Marilyn Perry, African American, Senior Citizen, LGBTQ, Studio 2.8 Managing Photojournalist, Biographical and Familial Information
My name is Marilyn Perry. I’m the Studio 2.8 Photography and Video, production, publication, and licensing, service, managing documentary photojournalist. I’m an African American woman. I’m a Senior Citizen, African American, woman. I’m a Senior Citizen, mixed ethnicity, African American, LGBTQ, Woman of Color. I’m Marilyn Perry. Who I am consists of all the characteristics and attributes I’ve just listed: Senior Citizen, LGBTQ, and African American woman of color; in addition to my other personal characteristics, skills, and accomplishments, including my decades of work in the computer software science profession, my work producing documentary photojournalism, and my various other life activities.
Marilyn Perry, African American Ancestral History
I’m Marilyn Perry. I’m an African American woman of color, an African American woman devoted to producing, dispassionate, politically detached, objective, documentary photojournalism. The members of my family, my genetic family, my biological family, my ancestors from the middle 1800s through to the present, are all the genetic embodiment of, the living members of my family are the living genetic embodiment of, the history in America, of the horrifically heinous enslavement of African people in America, in our United States of America, by European American people. The members of my genetic family are the biological “issue” of, the genetic and biological product of, European American male slave masters, slave “owners”, who forced their female African slaves to produce children for them, female African slaves in America who then gave birth to the mixed ethnicity genetic family of, the genetic children of, their slave master. These Americans, African Americans, are my ancestors. I genetically, biologically, physically, embody the history of the enslavement of African people in America by deplorable, reprehensible, European American (“white”) slave masters. Because of the foregoing immutable genetic, biological, familial, history, my family history, a family history that is inextricably fused into the history of African slaves in historical America, I am an African American woman of color.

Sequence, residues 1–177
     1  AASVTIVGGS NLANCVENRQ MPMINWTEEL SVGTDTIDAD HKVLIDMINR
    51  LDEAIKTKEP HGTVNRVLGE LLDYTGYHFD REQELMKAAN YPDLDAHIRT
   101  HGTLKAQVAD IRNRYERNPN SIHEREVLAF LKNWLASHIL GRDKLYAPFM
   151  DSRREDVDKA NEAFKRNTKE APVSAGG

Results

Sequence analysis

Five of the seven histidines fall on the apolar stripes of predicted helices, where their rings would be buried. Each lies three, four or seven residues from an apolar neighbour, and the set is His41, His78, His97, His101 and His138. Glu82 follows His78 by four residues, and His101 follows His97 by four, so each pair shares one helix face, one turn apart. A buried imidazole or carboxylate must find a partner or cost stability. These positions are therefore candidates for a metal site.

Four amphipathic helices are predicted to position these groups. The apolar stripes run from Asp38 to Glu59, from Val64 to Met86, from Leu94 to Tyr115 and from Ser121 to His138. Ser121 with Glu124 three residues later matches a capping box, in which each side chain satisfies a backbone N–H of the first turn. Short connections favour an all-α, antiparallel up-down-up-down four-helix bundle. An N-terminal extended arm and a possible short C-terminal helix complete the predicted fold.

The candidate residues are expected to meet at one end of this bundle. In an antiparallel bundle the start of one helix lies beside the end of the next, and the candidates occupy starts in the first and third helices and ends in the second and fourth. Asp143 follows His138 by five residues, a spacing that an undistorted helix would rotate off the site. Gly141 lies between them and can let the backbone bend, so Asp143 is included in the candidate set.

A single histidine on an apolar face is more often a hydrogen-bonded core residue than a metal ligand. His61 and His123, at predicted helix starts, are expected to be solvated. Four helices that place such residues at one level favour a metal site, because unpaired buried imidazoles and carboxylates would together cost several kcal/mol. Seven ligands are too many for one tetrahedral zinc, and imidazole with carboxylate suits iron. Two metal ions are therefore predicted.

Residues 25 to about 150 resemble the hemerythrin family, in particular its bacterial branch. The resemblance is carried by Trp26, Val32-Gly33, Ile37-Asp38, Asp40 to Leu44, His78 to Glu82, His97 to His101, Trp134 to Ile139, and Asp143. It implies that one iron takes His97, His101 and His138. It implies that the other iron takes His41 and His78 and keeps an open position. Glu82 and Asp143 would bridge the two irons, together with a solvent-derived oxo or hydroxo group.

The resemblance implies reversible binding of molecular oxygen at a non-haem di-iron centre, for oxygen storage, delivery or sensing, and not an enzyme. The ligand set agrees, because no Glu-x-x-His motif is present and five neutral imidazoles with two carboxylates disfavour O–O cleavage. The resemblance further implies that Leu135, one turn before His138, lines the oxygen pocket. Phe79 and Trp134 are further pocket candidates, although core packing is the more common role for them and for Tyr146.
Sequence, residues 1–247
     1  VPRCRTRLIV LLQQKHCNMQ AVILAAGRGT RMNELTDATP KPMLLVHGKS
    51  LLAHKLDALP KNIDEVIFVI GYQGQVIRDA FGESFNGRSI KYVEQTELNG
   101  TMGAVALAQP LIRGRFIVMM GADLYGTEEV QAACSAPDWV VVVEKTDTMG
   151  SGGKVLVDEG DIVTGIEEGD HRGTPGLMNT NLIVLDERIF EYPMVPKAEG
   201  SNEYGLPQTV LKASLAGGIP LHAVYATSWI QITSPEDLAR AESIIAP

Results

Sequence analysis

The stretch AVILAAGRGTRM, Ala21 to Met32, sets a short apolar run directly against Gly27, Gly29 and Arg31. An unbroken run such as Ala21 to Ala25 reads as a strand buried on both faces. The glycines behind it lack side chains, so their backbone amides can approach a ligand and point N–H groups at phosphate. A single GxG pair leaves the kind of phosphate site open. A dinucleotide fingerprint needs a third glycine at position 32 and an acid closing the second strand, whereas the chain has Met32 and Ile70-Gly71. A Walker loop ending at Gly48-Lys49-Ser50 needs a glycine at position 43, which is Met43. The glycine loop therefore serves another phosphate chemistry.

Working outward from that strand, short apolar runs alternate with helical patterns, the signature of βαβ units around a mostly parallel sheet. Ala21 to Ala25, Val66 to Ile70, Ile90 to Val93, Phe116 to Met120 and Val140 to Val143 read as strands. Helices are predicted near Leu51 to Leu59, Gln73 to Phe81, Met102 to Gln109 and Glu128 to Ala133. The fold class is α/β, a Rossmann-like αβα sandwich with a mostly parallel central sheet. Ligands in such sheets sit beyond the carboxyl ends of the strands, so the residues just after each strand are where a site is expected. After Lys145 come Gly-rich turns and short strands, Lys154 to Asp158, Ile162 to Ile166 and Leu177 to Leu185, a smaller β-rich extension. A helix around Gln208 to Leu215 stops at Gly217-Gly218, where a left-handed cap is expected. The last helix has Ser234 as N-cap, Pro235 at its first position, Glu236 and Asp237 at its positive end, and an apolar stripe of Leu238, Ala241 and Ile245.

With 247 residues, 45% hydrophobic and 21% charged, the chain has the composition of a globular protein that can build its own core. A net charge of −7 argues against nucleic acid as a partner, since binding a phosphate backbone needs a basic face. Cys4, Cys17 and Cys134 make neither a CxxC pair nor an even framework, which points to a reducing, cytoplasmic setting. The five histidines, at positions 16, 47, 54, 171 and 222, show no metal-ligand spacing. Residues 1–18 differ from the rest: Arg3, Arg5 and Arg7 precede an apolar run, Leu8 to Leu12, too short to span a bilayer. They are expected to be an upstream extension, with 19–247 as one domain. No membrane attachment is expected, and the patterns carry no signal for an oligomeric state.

One of my biological, genetic, cousins, the prominent African American Los Angeles Civil Rights attorney Connie Rice, Constance L. Rice, has written and published a book entitled Power Concedes Nothing, in which she has documented some of the relevant aspects of my African American family’s history. African American Los Angeles attorney, and author, my biological cousin Connie Rice is the daughter of one of my late mother’s sisters. In her published book Power Concedes Nothing, African American civil rights attorney Connie Rice, has documented some of the details of my two maternal ancestral families, the families of my mother’s mother and of my mother’s father. My mixed ethnicity African American maternal grandmother was an amazing woman, about whom my cousin attorney Connie Rice has published relatively detailed historical information in the book she has published, entitled Power Concedes Nothing. My maternal family ancestors descend from the children who were the genetic product of, the biological issue from, the Virginia slave master who forced his female African slaves, who produced mixed ethnicity children, the genetic children of, the genetic and biological family of, their slave master. That generation of my family were simultaneously slaves, and at the same time the genetic, biological, family of their slave master. Each of my four late grandparents were the product of similar family histories, the genetic and biological product of European American slave masters who forced their African female slaves to bear children with them. By this immutable familial, genetic, history, I am an African American woman, whose nineteen century ancestors were both slaves, as well as the biological children of their slave masters. I am an African American woman.
Marilyn Perry, Childhood in Racist, Racially Segregationist, United States